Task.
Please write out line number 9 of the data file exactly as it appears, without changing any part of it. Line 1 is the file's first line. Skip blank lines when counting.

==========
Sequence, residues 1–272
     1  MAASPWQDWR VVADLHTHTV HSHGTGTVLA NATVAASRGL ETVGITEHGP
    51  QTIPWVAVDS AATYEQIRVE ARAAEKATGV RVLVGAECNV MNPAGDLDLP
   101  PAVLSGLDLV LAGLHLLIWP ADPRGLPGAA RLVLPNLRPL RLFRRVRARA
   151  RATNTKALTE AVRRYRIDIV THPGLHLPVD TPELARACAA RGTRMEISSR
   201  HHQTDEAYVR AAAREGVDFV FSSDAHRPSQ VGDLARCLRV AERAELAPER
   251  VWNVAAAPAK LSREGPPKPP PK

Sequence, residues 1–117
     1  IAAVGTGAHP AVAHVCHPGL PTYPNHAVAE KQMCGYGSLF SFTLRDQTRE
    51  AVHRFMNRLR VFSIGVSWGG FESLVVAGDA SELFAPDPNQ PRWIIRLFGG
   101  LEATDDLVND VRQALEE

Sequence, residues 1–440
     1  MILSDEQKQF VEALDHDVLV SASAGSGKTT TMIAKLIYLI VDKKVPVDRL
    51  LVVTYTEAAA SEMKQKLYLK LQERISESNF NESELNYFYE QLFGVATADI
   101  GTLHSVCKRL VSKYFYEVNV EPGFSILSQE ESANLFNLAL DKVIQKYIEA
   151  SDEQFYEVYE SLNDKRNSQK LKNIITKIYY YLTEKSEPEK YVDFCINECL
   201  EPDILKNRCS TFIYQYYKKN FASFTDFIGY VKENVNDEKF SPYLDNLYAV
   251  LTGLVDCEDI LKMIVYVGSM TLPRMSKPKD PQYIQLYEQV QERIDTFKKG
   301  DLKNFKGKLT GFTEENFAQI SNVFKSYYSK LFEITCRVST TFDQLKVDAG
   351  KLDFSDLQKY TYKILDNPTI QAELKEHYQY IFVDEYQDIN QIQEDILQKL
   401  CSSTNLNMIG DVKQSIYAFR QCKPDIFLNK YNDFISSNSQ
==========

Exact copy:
     1  IAAVGTGAHP AVAHVCHPGL PTYPNHAVAE KQMCGYGSLF SFTLRDQTRE